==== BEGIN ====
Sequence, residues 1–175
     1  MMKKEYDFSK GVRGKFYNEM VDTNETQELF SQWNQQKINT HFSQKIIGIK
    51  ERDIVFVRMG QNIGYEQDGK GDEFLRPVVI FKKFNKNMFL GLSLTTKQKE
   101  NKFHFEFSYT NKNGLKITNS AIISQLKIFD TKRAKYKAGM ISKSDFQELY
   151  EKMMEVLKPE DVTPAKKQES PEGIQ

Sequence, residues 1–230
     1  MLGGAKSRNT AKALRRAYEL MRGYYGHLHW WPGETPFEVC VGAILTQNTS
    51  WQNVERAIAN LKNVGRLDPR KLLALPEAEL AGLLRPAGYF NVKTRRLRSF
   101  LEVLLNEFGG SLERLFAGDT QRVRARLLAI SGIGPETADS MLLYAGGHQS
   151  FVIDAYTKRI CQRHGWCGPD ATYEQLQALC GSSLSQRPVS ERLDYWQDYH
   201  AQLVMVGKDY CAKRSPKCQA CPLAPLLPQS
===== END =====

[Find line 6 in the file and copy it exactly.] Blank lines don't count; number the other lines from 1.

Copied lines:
Sequence, residues 1–230